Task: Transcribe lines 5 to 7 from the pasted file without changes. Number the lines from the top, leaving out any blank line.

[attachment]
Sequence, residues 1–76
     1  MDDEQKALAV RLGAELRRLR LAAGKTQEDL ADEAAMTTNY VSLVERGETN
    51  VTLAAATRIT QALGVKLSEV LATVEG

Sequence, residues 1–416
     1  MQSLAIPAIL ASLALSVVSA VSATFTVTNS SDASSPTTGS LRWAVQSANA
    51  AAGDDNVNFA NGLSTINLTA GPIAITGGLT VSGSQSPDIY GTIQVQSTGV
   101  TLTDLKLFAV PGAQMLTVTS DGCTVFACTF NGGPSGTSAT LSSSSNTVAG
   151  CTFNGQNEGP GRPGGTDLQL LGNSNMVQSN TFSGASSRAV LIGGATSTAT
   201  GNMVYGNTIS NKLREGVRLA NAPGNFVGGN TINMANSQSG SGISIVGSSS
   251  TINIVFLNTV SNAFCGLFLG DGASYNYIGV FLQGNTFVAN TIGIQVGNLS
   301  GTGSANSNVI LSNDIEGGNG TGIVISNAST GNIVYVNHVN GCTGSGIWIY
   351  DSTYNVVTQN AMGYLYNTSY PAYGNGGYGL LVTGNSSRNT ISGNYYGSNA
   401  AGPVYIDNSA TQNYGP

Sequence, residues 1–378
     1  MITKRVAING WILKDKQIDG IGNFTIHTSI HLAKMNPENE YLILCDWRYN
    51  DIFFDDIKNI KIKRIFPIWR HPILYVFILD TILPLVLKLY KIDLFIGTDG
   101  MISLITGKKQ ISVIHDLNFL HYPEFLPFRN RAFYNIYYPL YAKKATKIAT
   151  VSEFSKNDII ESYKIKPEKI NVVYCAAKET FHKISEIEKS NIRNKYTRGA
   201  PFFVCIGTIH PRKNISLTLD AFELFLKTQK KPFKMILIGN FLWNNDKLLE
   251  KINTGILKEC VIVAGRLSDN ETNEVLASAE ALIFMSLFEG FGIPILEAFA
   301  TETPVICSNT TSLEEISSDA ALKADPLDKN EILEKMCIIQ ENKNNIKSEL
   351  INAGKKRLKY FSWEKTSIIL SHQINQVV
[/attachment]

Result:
     1  MQSLAIPAIL ASLALSVVSA VSATFTVTNS SDASSPTTGS LRWAVQSANA
    51  AAGDDNVNFA NGLSTINLTA GPIAITGGLT VSGSQSPDIY GTIQVQSTGV
   101  TLTDLKLFAV PGAQMLTVTS DGCTVFACTF NGGPSGTSAT LSSSSNTVAG